It took us 10 hours to reach our destination—11 if you count the grubfest at Outback. The next morning we took our seats in the nosebleed section of the new Conference Center just off of Temple Square. It was a magnificent facility and we were delighted to be a part of the scene. But the excitement of that morning didn’t prepare us for the thrill of that evening, when we found ourselves—I’m not making this up—on the fourth row of that 20,000+ seat auditorium, directly in front of the prophet, Gordon B. Hinckley.

It was very cool. Directly before us sat the President of the Church, his two Counselors, and several of the Twelve Apostles. People speak of “sitting at the feet of the Prophet,” and there we were, living the metaphor. Unforgettable.

The real test came the next day, however, when we piled back into the Camry for the return trip. Maybe we talked less—I’m not sure—but certainly we felt a bit less giddy. Still I felt an easiness as we traveled together that I often don’t feel when we’re living together. As a dad, it felt good and right. Nonetheless, as we headed down Cajon Pass, back into the L.A. Basin, chasing the weekend warriors and desert rats toward home, I nervously asked the Big Question: “Well Luke, was it worth it? Now that you know what’s involved, would you do it over again if you had the choice?” He didn’t even hesitate. “Absolutely. Let’s do it again next year.”

That ain’t gonna happen, unfortunately, but it was a good reminder—I hope to both of us—that it never hurts to step out of the usual routine and spend some time together—just because. Would that I could find a way to pull that off without having to drive 1400 miles in the process.

I’m reminded of a children’s book in our study called The Treasure by Uri Shulevitz. It tells the story of a poor man named Isaac who has a recurring dream in which a voice tells him to go to the capital city and look for treasure under the bridge by the Royal Palace. Finally, he takes the long, arduous journey through forests and over mountains, walking most of the way until he arrives in the capital city. To his disappointment, he finds that the bridge is guarded day and night. When at last he tells the captain of the guard of his dream, the captain laughs at him. “If I believed a dream I once had,” the soldier tells him, “I would travel to your town and look for a treasure under the stove in the house of a man named Isaac.” Bowing respectfully, Isaac embarks immediately on the long walk back, journeying over mountains and through forests until he comes to his humble home—wherein he finds the treasure he sought. The moral: Sometimes we must travel far to discover what is near.

I hope that this hits “close to home” for you as it did for me.


A Truly Remarkable Person

Dear Will:

I have this friend named Mark who (here comes a semi-intentional pun) is a remarkable person. I will do an inadequate job of describing what makes him remarkable, but I’ll try:

Mark is a geologist with an MBA. He spends much of his professional life trying to help clean up environmental messes. His politics are unambiguous, but he does not foist his opinions on others; rather he goes about very carefully trying to make a difference in whatever way he can and lets his actions speak for him. Thus, rather than telling me to start recycling, Mark simply started doing it—about a decade before curbside service made it practical.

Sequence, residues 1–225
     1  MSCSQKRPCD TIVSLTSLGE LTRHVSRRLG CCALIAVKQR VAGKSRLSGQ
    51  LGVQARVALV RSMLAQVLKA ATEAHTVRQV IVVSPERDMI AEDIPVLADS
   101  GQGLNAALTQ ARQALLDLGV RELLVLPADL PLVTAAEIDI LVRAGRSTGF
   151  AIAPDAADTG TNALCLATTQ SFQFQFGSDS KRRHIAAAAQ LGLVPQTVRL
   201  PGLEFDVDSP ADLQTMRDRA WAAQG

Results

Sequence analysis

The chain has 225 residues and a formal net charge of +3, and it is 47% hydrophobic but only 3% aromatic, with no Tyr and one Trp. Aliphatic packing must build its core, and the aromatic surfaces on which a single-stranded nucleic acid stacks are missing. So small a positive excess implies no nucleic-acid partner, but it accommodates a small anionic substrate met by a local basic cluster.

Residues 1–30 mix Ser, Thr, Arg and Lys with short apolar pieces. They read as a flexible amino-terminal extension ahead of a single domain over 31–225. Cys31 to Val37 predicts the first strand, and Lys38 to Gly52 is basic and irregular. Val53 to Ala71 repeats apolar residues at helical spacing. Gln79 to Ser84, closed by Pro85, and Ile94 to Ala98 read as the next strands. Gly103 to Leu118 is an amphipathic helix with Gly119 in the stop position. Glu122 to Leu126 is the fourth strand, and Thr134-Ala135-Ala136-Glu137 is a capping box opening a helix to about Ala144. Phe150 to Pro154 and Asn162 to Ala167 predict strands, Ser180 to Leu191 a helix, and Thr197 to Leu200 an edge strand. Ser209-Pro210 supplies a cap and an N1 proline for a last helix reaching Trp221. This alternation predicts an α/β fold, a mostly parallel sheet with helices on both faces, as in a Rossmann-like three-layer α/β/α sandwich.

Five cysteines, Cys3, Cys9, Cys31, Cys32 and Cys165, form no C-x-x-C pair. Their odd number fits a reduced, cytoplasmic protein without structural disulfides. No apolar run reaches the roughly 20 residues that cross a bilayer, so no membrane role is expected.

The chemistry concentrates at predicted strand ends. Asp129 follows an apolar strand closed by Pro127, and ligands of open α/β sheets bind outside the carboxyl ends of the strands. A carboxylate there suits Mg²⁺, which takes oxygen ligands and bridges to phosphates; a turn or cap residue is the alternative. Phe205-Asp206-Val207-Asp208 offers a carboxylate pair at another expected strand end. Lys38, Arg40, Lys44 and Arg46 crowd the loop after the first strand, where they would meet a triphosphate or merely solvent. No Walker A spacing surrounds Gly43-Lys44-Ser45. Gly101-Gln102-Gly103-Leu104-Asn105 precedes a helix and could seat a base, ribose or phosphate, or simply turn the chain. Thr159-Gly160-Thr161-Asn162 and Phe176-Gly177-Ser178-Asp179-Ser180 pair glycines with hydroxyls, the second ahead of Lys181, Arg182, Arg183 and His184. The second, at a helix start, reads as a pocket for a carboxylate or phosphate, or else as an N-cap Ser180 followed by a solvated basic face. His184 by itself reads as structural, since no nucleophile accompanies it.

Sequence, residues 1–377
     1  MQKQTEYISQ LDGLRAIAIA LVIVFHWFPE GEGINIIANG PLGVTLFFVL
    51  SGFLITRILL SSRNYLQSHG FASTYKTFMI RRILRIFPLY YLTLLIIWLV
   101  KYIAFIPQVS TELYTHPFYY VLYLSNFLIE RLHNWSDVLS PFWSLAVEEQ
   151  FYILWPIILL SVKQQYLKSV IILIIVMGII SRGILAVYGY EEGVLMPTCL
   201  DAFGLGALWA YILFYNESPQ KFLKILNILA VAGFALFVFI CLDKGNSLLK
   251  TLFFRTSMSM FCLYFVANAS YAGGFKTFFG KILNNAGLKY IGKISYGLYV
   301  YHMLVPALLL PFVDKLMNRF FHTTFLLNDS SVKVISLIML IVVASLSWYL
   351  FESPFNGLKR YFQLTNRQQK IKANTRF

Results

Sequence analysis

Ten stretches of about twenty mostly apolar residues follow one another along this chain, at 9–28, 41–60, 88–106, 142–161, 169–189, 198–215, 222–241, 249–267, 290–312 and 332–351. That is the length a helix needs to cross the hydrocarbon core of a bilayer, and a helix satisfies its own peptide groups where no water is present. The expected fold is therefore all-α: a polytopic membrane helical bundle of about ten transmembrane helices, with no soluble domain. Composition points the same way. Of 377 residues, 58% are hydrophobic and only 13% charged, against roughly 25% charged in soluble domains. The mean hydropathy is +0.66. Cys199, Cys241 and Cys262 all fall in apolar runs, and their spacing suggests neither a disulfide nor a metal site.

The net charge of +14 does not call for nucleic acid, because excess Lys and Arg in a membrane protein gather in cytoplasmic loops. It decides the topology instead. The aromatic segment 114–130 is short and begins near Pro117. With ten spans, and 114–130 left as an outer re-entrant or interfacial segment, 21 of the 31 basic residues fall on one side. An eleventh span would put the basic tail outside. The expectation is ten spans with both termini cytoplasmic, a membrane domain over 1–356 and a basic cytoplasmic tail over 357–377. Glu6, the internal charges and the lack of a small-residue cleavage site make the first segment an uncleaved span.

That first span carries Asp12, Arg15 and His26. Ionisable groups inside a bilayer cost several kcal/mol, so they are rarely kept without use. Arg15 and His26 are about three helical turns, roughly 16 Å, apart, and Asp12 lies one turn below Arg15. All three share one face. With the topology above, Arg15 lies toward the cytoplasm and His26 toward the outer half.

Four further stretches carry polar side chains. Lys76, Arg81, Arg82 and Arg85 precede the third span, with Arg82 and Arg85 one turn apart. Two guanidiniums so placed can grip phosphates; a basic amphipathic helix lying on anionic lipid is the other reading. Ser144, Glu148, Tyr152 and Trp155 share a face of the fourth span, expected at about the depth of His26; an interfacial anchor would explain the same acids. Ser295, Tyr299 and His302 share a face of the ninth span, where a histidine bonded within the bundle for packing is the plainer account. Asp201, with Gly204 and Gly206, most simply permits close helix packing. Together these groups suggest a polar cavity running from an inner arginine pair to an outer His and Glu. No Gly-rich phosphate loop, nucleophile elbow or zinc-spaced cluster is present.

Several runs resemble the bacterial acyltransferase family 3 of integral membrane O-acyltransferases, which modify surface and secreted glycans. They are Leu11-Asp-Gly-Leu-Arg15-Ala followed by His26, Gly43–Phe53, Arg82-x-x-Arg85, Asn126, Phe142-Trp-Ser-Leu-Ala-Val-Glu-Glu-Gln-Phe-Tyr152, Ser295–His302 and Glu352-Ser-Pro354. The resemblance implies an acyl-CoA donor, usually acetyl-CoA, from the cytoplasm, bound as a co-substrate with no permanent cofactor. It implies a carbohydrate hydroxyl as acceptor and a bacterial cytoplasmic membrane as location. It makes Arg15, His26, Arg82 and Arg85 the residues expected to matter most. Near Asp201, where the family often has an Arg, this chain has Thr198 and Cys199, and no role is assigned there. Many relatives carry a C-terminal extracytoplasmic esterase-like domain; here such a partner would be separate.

Mark is an organizer. Whereas my wife and I are the sorts of people who simply slip off together to catch a movie, Mark always has a larger vision. I am one of many people who often get e-mails from him which go something like this: “This weekend, the East Valley Players will be performing a series of plays by Chekhov.  We’re going to have dinner beforehand at the bistro across the street. I’m hoping a bunch of you will show up. It will make it more fun.” Likewise, from time to time, Mark invites people to his home for Shakespeare readings, carefully selecting an eclectic smattering of singles and marrieds, professionals and artists, conservatives and misfits. Invariably I meet someone new when Mark is involved, and invariably that person is interesting.

Mark also likes to climb mountains, but he isn’t satisfied just ascending with the same bunch of outdoorsmen every time. Instead, he’ll notify all of his office-dwelling, sedentary friends, challenging them to get in shape for the big assault on Mt. Whitney in April. He will take it upon himself to schedule, motivate, train the novices, organize the equipment, and even write the post-climb report for those too lazy to show up. And all of this with two bad knees. Why does he do it? Because he loves the outdoors and doesn’t want the rest of us to miss out.

The reason I bring all of this up is because last month when I took my family on vacation, our friend Mark kept popping into my mind. Whether I was driving up through South Pass in Wyoming, floating down the Shoshone River, getting blown away by Yellowstone, riding horses up to 9,000 feet or so in Jackson Hole, stopping to gasp at Cedar Breaks in Southern Utah, there was Mark, dancing in and out of my thoughts. See a geyser, think of Mark. Soak in the natural hot springs, think of Mark. Climb a hill, see some elk—see a sign for the cut off to Great Basin, for crying out loud!—and think of Mark. For good measure we even took the kids to the Shakespeare Festival and thought of Mark Mark Mark. And about the time I was driving south on I-15 through that short stretch of Arizona with the funky rocks on either side of the highway and I’m—you guessed it—thinking of Mark, it occurred to me that he could go on vacation dozens of times and not once feel compelled to think of ME. I would thrill to have my name come to mind when others gaze upon God’s most beautiful creations. Alas, such is an honor one must earn.

Henry David Thoreau said that the reason he went off to Walden Pond for a couple of years was so that he could “live deliberately.” Living deliberately is exactly what Mark does, only he doesn’t have to live like a hermit to pull it off. To the contrary, he is in here among us, raising our sights and improving our lots. Remarkable.

I have vowed to begin living more deliberately myself. We’ll see if I pull that off.


The photo above is of Mark in his heyday, just prior to what he has always described as “the best climbing trip of my life.” (It did not go well. If you ever have the good fortune of meeting him, be sure to ask about the soup.) Mark is the one on the right.